While the affair of John Hancock's Liberty
) drew public attention, a steady flow of other cases of illicit importation kept merchants, customs officers, and lawyers busy. On 6 September 1768, Joseph Dowse, surveyor and searcher of the customs for the port of Salem and Marblehead, seized thirty-three hogsheads and four tierces of molasses which had allegedly been landed in Gloucester without entry or payment of duties.1
Although another seizure which Dowse had made on Cape Ann was rescued at about this time by the inhabitants, he managed to retain control of the molasses. Jonathan Sewall filed an information against it for him in the Court of Admiralty on 26 October, with claimants cited to appear on 7 November.2
Since Adams was to appear in court for Hancock on the latter date,3
it is probable that he was of counsel for David Plumer of Gloucester, who claimed the molasses. In any event, Adams' minutes, printed below, show that when the case came on to trial, probably some time in December, Plumer sought to establish that the molasses had been imported, duty-paid, in August on his schooner Earl of Gloucester.
Unfortunately, this vessel, after earlier evading the officers, had been seized on 22 October for the illicit importation of forty hogsheads of molasses on the same August voyage. An in rent
proceeding was begun against her on 6 December.4
The Commissioners also sought to impose penalties upon the individuals responsible for the alleged smuggling. At the end of December, Sewall filed in personam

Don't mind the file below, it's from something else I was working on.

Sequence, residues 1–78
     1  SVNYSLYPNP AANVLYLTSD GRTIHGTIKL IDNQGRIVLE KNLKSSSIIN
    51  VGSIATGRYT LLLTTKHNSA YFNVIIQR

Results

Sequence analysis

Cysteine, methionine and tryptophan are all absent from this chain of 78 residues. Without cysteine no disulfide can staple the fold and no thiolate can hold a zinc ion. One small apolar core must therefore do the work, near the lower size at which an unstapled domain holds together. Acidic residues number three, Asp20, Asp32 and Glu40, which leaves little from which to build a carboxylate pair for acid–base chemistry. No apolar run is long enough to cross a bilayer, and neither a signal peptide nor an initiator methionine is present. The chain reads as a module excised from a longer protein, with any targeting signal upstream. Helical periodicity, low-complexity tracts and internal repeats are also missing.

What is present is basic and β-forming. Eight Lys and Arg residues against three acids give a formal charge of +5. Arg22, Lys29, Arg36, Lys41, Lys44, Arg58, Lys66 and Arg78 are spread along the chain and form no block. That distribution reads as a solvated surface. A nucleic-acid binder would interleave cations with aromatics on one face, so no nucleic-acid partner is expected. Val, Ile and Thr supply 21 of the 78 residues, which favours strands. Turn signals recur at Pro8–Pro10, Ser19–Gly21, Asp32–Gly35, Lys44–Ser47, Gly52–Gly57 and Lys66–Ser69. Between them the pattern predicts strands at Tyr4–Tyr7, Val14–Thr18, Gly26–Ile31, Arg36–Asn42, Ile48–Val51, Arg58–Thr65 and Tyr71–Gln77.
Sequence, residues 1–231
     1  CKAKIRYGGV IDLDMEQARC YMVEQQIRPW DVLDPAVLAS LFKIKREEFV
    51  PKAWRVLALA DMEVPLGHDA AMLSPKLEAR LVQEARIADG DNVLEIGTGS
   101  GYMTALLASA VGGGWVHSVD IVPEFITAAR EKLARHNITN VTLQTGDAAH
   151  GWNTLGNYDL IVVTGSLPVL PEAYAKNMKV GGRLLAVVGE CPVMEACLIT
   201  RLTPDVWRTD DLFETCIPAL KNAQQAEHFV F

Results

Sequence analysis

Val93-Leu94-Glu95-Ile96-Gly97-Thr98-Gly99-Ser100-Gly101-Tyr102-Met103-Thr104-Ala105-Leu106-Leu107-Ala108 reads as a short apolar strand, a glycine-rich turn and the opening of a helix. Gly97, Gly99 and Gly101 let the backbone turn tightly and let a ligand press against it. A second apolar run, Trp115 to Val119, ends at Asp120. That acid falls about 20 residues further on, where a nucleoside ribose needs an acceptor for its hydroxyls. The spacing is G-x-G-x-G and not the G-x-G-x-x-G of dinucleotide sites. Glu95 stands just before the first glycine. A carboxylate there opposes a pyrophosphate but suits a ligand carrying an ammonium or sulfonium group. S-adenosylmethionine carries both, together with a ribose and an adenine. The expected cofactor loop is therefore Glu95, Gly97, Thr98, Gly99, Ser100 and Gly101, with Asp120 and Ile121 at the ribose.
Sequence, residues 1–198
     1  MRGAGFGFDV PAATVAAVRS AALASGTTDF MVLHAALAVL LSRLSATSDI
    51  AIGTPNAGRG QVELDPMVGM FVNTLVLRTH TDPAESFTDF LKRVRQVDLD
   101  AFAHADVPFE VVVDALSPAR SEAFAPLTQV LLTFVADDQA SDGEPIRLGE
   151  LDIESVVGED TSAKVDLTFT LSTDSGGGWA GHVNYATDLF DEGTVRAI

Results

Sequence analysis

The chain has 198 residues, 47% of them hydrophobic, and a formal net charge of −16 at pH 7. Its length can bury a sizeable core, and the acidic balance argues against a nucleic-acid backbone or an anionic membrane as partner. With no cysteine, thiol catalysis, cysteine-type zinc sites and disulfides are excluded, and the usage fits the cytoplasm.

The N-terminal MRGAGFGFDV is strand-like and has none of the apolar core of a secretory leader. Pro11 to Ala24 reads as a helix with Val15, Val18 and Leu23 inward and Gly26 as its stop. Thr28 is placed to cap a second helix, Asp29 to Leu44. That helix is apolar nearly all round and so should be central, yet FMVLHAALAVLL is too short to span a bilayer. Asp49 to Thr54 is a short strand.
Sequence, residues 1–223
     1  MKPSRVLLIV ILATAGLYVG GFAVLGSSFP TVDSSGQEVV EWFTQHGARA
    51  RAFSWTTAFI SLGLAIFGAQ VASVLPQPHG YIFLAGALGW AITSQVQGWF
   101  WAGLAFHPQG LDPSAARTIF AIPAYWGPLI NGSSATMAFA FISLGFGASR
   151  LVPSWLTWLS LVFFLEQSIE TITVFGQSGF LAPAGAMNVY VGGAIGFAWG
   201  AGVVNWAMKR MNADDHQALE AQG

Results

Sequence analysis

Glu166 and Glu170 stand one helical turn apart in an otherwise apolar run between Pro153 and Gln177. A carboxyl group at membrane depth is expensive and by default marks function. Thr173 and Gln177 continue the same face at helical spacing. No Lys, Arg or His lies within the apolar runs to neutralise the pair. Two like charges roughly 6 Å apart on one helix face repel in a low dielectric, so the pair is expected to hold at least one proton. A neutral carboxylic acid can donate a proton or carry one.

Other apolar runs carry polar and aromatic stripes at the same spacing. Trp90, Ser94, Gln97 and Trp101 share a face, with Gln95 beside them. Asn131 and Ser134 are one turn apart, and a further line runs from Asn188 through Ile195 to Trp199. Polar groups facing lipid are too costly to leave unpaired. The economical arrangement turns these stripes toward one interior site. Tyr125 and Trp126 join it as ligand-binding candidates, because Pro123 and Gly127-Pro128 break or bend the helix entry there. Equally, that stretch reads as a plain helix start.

actions against seven men, including Plumer and Moses Bray, master of the Earl of Gloucester.
On 3 February 1769 the citations were returned not served.5
It is possible that the respondents entered into a settlement whereby they agreed to withdraw their opposition in the forfeiture proceedings in exchange for an undertaking not to press the penal actions. Whatever the reason, the molasses, condemned earlier, was ordered sold on 2 March; on 18 April the Earl of Gloucester
was adjudged forfeit, no claim having been entered for her.6
If Plumer did not voluntarily withdraw his claim for the molasses, there were other reasons why his defense might have failed. Adams' minutes indicate that Plumer produced witnesses to establish an identity between the molasses in suit and certain molasses covered by a cocket certifying legal entry on payment of duty, which had been signed by John Fisher, Collector at Salem. At the end of September, however, Fisher had been suspended by the Commissioners of the Customs on a number of charges,
including that of crediting merchants with more duties than they had actually paid.7
The court thus may well have found the cocket fraudulent, or may not have accepted the evidence of Plumer's witnesses.